CAVAN HOGUE. Comment on Hugh White’s response to Paul Dibb on ANZUS and Taiwan.

Hugh White has made an effective rebuttal of Paul Dibb’s claim that we should join the US if China takes military action against Taiwan.

It is important to stress that ANZUS does not require us to join with the USA in defending Taiwan.  

The relevant sections of the Treaty follows The bits in bold are mine.

Article III: The Parties will consult together whenever in the opinion of any of them the territorial integrity, political independence or security of any of the Parties is threatened in the Pacific.

Article IV: Each Party recognizes that an armed attack in the Pacific Area on any of the Parties would be dangerous to its own peace and safety and declares that it would act to meet the common danger in accordance with its constitutional processes. Any such armed attack and all measures taken as a result thereof shall be immediately reported to the Security Council of the United Nations. Such measures shall be terminated when the Security Council has taken the measures necessary to restore and maintain international peace and security.

Article V: For the purpose of Article IV, an armed attack on any of the Parties is deemed to include an armed attack on the metropolitan territory of any of the Parties, or on the island territories under its jurisdiction in the Pacific or on its armed forces, public vessels or aircraft in the Pacific.

The only way the US could argue that we were obliged to join would be to claim that Article V means China had made an armed attack “on its armed forces … in the Pacific” The argument presumably would be that China had attacked US armed forces based in Taiwan. This seems to me a dubious proposition when it was the US that had commenced hostilities against |China. And in any case we would only be obliged to consult in accordance with our constitutional processes – a provision inserted at US insistence so that it would not automatically be obliged to come to Australia’s aid. Taiwan is not part of the USA despite the view of the missionary and other lobbies that it was lost.

A further consideration is that Australia and the US accept the one China policy so Beijing might argue that they are simply finishing the civil war which was not completed because of US interference in China’s internal affairs. How could we legally justify military action against a recalcitrant province which we recognise as part of China? Note also that Article IV states that any armed attack must be immediately reported to the Security Council which, given the Chinese and Russian vetoes, would not endorse the American action. All measures must cease when the UN has taken the necessary measures to maintain international peace and security. What would those measures be?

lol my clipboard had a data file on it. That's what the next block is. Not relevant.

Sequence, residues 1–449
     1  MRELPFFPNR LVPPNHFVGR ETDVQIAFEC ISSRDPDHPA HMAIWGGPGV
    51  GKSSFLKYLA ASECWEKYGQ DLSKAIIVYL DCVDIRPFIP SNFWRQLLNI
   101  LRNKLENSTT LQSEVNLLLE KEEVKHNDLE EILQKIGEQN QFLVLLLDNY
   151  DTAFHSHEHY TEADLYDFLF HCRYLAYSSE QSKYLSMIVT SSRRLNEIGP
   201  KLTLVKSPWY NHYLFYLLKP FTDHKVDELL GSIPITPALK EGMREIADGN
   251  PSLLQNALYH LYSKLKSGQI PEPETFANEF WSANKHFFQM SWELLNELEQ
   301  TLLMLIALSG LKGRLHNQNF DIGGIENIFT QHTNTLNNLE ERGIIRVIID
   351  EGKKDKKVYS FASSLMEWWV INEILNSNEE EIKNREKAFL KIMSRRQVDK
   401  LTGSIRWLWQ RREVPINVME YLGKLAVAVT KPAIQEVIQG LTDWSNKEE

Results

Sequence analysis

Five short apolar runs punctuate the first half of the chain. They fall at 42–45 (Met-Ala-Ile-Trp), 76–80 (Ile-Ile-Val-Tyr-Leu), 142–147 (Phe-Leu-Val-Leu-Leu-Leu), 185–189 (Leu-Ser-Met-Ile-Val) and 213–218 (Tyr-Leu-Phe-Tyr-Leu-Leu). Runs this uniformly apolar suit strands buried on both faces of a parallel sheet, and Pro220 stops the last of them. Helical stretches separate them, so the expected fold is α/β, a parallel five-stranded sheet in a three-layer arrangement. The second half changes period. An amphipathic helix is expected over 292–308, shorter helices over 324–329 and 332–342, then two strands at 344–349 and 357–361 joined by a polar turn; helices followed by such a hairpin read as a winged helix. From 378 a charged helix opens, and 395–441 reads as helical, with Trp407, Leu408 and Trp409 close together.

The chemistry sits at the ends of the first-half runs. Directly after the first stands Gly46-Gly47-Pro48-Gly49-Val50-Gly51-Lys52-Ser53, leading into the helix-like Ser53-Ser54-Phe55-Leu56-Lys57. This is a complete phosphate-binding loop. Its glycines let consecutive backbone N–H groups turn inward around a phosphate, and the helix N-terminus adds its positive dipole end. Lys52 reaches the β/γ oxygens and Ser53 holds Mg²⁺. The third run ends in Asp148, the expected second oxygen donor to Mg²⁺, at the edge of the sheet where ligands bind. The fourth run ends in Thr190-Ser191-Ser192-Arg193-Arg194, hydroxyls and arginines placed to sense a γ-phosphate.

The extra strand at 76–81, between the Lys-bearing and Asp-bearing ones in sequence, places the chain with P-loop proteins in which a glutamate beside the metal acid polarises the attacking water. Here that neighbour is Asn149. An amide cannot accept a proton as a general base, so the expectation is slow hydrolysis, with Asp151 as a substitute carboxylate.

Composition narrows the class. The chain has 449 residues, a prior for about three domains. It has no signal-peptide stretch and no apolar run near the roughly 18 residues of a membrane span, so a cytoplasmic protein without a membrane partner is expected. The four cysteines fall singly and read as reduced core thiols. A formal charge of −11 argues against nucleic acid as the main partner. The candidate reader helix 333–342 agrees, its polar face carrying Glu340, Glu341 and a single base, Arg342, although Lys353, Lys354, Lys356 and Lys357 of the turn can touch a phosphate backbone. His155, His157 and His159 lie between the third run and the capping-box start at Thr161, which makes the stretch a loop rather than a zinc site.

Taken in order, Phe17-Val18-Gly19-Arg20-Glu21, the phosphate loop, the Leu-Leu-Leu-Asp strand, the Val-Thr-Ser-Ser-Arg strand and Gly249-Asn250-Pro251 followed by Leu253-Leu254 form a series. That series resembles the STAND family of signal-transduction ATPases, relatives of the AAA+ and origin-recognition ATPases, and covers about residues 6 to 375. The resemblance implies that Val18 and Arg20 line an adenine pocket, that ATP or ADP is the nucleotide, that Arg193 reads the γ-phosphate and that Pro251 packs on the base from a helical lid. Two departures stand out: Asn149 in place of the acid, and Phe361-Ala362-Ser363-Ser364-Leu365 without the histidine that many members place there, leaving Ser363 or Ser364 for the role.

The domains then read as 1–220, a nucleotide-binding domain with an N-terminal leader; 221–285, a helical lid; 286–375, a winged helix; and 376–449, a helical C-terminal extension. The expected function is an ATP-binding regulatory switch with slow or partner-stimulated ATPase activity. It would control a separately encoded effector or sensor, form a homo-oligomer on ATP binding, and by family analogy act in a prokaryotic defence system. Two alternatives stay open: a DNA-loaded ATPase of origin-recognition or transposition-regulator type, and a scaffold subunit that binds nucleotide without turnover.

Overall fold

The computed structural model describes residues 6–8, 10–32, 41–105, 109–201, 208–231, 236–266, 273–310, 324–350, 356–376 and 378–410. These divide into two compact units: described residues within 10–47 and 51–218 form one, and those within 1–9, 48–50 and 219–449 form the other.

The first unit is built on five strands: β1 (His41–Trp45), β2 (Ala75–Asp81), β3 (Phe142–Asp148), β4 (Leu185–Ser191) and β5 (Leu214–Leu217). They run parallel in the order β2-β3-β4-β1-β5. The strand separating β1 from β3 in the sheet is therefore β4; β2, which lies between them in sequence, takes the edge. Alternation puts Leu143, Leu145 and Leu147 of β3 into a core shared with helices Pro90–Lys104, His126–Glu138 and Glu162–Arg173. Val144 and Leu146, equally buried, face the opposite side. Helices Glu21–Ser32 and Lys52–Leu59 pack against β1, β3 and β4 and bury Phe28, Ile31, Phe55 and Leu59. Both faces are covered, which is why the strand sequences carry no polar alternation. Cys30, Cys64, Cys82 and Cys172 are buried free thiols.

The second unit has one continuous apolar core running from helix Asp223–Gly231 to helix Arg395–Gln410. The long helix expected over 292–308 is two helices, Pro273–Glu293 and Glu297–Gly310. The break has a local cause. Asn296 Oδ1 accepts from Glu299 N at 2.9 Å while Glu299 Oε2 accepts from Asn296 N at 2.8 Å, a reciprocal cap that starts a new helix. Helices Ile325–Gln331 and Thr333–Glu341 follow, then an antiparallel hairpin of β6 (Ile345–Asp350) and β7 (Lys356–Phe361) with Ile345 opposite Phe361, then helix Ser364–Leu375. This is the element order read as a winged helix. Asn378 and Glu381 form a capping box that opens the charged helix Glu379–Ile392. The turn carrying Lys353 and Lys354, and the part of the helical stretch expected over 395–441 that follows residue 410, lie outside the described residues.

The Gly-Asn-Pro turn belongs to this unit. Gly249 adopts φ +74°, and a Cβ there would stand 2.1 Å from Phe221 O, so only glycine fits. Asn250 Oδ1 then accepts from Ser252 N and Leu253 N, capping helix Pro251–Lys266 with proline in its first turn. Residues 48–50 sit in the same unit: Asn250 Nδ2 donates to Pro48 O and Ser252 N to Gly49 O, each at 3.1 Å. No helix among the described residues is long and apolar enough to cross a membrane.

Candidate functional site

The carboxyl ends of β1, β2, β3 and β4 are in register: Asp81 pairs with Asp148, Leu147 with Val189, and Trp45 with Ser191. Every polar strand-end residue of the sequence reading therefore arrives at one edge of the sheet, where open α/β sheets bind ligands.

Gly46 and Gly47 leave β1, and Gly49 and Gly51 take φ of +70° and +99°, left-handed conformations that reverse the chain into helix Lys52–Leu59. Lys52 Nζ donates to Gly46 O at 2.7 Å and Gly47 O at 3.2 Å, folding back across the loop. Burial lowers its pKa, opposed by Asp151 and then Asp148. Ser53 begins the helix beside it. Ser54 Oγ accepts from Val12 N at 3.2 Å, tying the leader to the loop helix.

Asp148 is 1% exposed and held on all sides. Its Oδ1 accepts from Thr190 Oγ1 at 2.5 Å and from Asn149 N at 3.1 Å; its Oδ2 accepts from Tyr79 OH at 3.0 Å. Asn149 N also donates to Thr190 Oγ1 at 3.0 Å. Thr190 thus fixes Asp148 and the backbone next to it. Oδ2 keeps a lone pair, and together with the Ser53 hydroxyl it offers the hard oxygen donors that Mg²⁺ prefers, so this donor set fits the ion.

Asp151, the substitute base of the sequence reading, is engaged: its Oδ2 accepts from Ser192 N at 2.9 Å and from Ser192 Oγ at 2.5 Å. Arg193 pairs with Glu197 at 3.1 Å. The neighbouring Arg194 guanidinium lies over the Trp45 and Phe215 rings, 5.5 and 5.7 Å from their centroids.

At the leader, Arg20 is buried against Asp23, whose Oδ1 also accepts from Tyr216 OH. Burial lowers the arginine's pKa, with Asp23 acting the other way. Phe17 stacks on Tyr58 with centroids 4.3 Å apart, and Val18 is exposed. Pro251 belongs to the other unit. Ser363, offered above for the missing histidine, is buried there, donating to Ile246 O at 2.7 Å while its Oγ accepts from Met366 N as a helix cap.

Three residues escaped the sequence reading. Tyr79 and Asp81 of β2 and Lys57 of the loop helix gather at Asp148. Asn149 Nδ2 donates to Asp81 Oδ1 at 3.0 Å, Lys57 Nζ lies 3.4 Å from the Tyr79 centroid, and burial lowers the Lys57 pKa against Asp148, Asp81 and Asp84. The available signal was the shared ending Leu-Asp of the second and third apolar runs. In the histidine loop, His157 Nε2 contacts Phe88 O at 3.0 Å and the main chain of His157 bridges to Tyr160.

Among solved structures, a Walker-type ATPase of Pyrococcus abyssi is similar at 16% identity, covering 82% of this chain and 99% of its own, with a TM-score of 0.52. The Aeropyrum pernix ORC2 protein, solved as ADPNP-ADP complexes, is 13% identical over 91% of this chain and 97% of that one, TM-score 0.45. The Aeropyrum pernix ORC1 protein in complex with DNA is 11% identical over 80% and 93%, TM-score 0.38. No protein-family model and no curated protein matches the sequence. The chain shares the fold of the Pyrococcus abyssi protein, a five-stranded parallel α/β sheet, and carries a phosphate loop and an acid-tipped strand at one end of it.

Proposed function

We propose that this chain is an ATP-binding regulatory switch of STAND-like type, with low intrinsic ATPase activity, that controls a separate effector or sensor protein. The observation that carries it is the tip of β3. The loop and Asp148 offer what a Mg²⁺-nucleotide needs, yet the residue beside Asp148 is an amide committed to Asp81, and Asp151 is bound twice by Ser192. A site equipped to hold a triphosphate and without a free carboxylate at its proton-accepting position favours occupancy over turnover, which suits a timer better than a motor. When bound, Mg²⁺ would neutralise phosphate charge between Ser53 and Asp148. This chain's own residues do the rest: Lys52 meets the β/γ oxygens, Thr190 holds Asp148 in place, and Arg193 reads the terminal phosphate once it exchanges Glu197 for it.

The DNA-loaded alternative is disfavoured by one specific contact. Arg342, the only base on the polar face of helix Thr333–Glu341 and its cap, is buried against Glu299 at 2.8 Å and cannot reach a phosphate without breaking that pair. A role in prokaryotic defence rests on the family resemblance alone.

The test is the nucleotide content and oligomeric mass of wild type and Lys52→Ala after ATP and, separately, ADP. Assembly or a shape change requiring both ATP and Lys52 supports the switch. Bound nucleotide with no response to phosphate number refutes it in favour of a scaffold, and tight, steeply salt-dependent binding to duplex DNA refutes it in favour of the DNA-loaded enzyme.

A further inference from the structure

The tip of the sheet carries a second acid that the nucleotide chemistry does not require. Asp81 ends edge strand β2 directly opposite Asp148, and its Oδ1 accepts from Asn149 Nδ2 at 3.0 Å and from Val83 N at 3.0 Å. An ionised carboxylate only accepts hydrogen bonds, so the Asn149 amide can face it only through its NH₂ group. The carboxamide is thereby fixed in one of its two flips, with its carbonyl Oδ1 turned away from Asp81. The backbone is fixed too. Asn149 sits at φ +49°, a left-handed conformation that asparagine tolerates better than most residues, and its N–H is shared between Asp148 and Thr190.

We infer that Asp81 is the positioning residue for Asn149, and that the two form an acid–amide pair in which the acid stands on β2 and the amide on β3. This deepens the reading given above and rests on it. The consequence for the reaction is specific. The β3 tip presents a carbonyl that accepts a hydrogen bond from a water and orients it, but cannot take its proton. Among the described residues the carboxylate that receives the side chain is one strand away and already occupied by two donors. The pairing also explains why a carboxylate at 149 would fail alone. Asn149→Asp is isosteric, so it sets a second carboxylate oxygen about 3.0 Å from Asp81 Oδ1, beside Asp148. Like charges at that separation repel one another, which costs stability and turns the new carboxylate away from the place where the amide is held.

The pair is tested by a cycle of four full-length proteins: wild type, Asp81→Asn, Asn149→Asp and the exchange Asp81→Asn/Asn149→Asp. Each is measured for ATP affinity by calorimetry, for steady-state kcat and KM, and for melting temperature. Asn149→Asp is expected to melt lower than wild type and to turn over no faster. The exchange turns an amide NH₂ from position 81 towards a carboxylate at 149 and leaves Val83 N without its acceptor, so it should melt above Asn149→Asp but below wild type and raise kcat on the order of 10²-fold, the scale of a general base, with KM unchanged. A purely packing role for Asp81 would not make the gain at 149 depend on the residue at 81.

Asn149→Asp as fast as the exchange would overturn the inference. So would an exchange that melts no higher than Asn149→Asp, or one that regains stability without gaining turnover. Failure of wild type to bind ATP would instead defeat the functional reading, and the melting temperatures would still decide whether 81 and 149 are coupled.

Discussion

In addition to the arguments so well put by Hugh White, the main problem for us would be that our forces are so integrated with the US military that it would be a major operation to get them out and the US might not even bother to ask us. There is a precedent for taking them out as we did with Australians serving in British units during the Falklands War but they were not so deeply integrated. .A further concern is the presence of US intelligence bases in Australia like Pine Gap which would presumably be involved in any action against China. Some would argue that Taiwan has become a democracy and that therefore we must support a political system which is important to us but would this include military action which would be token? The major problem would be our client mentality which sees our relationship with the USA as paramount and more important than any others including our Southeast Asian neighbours. Would the Australian public support military action which could involve Chinese attacks on Australian soil? Our other forays with the US have not posed any threat to the homeland. Would we join another Coalition of the Willing? As lovers of Laurel and Hardy might say, another fine mess you’ve got us into America.

Cavan Hogue is a retired Australian diplomat with extensive experience in Asia.

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Cavan Hogue is a former diplomat who has worked in Asia, Europe and the Americas as well as at the UN. He also worked at ANU and Macquarie universities.

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